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How to Deal with Difficult People

by Carrie Stemke

There are myriad types of difficult people, and sadly, they're an unavoidable part of life. Difficult personalities include self-important people, chronic complainers and people who are controlling, needy, or overly competitive. Despite coming in many different shapes and sizes, they all prompt the same negative emotions of stress and frustration in the people who meet them. There are a number of very simple, effective ways to deal with difficult people that will leave you feeling less stressed and unburdened.

Engage in a Little Self-Examination

It's tempting to focus on how aggravating a difficult person is, but it will actually be more useful for you to engage in some self-reflection. There's a reason why this person gets under your skin. Take some time to think about the negative traits the offender brings out in you. This activity can help you find ways to solve the problem, rather than just letting it eat away at you. For example, a chat with your nosy mother might bring out some of your own negative traits, like impatience. Keep this in mind the next time you talk with her, and use this knowledge to try to be more patient and open to her questions.

Listen Without Getting Involved

Many difficult people act the way they do because they feel marginalized or insecure. Surprisingly, the majority of difficult people really just want someone to listen and not judge them, writes best-selling author Deepak Chopra on oprah.com. If you're able to listen without getting emotionally involved, go ahead and do so. Chopra warns, however, if you start feeling like this person is taking advantage of you, don't be afraid to end the listening session. Being a good listener means being nonjudgmental and receptive to what the other person is saying. It does not involve allowing the difficult person to take out his frustrations on you.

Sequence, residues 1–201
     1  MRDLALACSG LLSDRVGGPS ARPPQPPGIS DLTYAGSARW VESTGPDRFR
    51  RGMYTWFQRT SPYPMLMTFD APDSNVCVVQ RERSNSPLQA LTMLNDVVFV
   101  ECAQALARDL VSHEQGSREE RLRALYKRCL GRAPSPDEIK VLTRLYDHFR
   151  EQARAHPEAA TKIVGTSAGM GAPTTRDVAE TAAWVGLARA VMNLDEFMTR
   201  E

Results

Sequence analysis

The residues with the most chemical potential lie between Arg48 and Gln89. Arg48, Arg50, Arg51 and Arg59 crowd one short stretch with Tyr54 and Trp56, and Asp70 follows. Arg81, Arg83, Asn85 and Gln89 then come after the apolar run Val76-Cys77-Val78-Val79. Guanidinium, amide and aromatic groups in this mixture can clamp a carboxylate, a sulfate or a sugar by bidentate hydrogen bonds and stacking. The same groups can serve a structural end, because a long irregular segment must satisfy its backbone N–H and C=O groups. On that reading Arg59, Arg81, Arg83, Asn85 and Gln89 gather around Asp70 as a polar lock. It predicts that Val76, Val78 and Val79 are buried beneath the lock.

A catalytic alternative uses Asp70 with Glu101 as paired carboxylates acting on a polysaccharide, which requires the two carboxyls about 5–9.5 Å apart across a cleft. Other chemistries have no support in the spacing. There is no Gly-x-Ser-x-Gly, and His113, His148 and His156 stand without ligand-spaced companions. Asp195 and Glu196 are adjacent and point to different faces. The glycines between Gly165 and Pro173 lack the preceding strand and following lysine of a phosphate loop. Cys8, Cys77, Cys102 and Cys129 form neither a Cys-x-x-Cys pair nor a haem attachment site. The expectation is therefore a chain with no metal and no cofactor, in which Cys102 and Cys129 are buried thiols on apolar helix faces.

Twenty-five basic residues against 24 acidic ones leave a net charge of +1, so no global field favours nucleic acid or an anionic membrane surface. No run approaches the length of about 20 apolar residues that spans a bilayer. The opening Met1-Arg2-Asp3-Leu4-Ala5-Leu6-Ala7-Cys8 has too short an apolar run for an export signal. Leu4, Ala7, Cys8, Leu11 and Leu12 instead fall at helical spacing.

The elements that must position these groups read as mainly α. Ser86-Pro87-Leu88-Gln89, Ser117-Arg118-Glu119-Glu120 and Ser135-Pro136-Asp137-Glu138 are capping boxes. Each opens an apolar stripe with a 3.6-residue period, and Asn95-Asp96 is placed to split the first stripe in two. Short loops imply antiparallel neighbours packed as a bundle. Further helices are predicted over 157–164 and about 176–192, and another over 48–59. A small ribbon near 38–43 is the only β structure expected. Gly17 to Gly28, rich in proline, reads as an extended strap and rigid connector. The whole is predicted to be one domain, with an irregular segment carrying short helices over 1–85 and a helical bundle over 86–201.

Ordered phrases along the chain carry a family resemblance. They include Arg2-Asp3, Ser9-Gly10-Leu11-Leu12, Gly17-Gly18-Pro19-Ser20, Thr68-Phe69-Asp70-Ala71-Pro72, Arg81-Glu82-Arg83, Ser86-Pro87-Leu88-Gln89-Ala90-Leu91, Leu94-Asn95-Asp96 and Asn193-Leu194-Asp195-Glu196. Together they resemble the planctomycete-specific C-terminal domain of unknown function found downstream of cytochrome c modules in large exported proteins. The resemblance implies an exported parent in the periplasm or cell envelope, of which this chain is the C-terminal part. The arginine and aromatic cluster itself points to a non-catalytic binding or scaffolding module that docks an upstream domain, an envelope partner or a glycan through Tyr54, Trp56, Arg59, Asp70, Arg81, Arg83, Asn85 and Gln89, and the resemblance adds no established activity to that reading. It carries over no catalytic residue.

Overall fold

Take a Quick Pause

When you're dealing with a difficult person, it's tempting to want to push back in some way. If you jump to answer her biting email immediately, you'll not only be acting on your emotions, but you will likely speak without thinking, warns mental health professional Donna M. White in an article for Psych Central. White recommends letting the rush of annoyance act as your cue to take a quick break before saying anything. If you're speaking with someone, verbally indicate your need for a break. If you're responding to a text or email, write out what you want to say and have somebody who isn't involved read it over before sending it.

Separate the Person and the Problem

It's valuable to remember that people are not made up of just one irritating trait. When you're dealing with a difficult person, separate the situation into two categories--the relationship you have with him, and the problematic behavior--advises communication studies professor Preston Ni in an article for Psychology Today. Ni recommends following up the mental separation by being soft on the person, and tough on the issue. This strategy will result in the person being more receptive to what you have to say, while simultaneously exemplifying your problem-solving skills. For example, you can say something like, "I'd like to help you, but it's hard for me to work with you when you're so angry. Let's take a break and I'll come back in a little while."

About the Author

A New York native, Carrie Stemke is an avid writer, editor and traveler whose work has covered many different topics. She has had a lifelong fascination with and love of psychology, and hold's a bachelor's degree in the subject. Her psychology research articles have been published in Personality and Individual Differences and in Modern Psychological Studies.

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